Vaginas are pretty amazing when you think about it. They are the pathway to bring new life into the world and bring us pleasure during sex. And unlike those dishes that you’ve been meaning to wash all week, they can even clean themselves. But, despite our parents, sex-ed teachers and gynaecologists’ best efforts, the inner (and outer) workings of female genitalia remain mysterious to almost all of us. We have a rough idea of what must come out and what can go in. Like the penis, for example, things are pretty straightforward. There is one entrance hole and the rest is part of the natural way of life. But believe it or not, there’s a lot more that goes on down there…
So we researched some of the most common vagina myths and hopefully, with the research, we have done, we will be able to clear up, some of the myths surrounding vaginas and by the end of this read you’ll be a lot more clued up about your little friend down below.
Myth #1: Your lady flower can get stretched out and never return.
Let’s be honest, this is one of the biggest fears of both women and men. But, let’s be real, yes, there are some cases like after multiple natural births or after suffering an injury, in which the vaginal opening can become less tight than before. But for the most part, childbirth and having sex certainly won’t make you “loose” as some like to call it. Vaginas are not only designed to open up to accommodate surprisingly large objects, from well-endowed penises to a baby’s head, but they’re also highly elastic. In other words, they’re pros at returning back to their natural state.
Myth #2: Your vagina naturally smells.
Professionals have said that it’s normal for the vagina to have some slight odour and that odour can vary depending on the time of the month, or if you have just had sex or even if you’ve been sweating a lot. There are distinct causes of abnormal vaginal odours, the most common cause being bacterial vaginosis. This happens when there is an overgrowth of the bacteria your vagina naturally produces. Other causes could also be because of bad hygiene, an STI, or a retained tampon. So if you find your vag smelling a little stronger than usual, it would be a good idea to book an appointment with your gynaecologist for an examination, just to be safe.
Myth #3: Your tampon can go missing “up there.”
Many women still don’t realize that your lady parts are like a cul-de-sac, with your cervix stopping anything from making its way into your uterus. Rest assured, a tampon isn’t going to get lost in the unknown. The reason people may think it can get lost is because of the many folds of tissue in your vagina. So a tampon may be hidden in said folds If you’ve inserted a tampon and can’t get hold of the string or the tampon itself to get it out, head to your gyno right away. He or she can insert a speculum to remove the tampon.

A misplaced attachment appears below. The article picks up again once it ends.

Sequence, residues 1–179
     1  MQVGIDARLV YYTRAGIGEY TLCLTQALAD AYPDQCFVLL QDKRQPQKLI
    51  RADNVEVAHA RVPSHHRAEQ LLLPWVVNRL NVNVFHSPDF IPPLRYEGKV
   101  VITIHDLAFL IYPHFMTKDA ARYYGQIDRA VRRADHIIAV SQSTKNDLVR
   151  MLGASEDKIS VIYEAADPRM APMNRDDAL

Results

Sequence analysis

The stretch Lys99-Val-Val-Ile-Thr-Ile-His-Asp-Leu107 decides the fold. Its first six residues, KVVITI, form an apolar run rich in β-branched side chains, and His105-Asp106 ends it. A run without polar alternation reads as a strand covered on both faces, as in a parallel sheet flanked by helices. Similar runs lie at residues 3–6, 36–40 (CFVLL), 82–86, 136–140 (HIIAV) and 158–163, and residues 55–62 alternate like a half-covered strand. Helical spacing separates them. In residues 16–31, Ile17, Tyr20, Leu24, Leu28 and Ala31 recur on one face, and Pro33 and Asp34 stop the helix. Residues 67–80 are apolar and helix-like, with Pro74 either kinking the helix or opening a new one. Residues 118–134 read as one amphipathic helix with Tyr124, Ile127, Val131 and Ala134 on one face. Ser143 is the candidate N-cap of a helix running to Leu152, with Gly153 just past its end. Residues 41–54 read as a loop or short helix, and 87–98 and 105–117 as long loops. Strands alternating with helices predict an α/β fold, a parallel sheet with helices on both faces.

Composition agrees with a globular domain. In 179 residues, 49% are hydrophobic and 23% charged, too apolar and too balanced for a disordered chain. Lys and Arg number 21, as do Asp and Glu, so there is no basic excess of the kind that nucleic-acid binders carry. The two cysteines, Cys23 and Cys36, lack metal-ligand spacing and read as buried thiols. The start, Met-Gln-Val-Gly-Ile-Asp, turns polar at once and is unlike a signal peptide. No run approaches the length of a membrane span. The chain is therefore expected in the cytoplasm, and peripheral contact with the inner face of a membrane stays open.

Myth #4: Douching is the only real way to get your vagina clean.
This is, in fact, the opposite of true, and most professionals do not recommend douching at all. They say that douching can disrupt the normal flora and pH of the vagina and cause irritation and burns. Cleaning with a gentle soap is usually sufficient, but if you feel the need for a deep clean, take a bath (without bubbles, because even bubbles can be irritating too). So, seriously, avoid the douche!
Myth #5: Discharge means there’s a problem
Ladies fret not! Discharge is perfectly normal and is your vagina’s way of staying clean. Discharge is the shedding of the cells of the vagina. All woman have it. Some have a tiny bit and don’t even notice it in their panties, while others produce more and may need to change their underwear throughout the day. The average and “normal” amount is about a tablespoon. But, if you notice your discharge is green, milky grey, frothy, or has a cottage cheese-like consistency then those signs usually point to a vaginal infection that needs to be evaluated by a professional.
Myth #6: Your “cherry pops” after you have sex.
First of all, there is literally nothing that “pops” or anything that can “pop” when you have sex for the first time. But the hymen or the band of tissue in the back part of the vagina often will tear and bleed during the first time you have intercourse. But many women will have a hymenal tear from gymnastics, tampons, horseback riding, biking, or dancing. So even when a hymen does tear, it’s not always the first-time-sex-related thing.
Myth #7: Your labia should look like everyone else’s.
FALSE! Think of the labia like a nose. (No, we’re not being weird.) They come in a variety of shapes and sizes, all of which are normal, despite the rise in labiaplasty (A form of cosmetic surgery to alter the shape of the labia.) Most plastic surgeons will support patients by reassuring them that their labia is normal. However, there are some medical scenarios where surgery may be necessary. When the labia minora becomes very elongated and enlarged and hangs outside the outer labia. How to pick this up? You will feel some irritation and pain during sex. But the fact of the matter is, there is no “normal” way for your labia to look.
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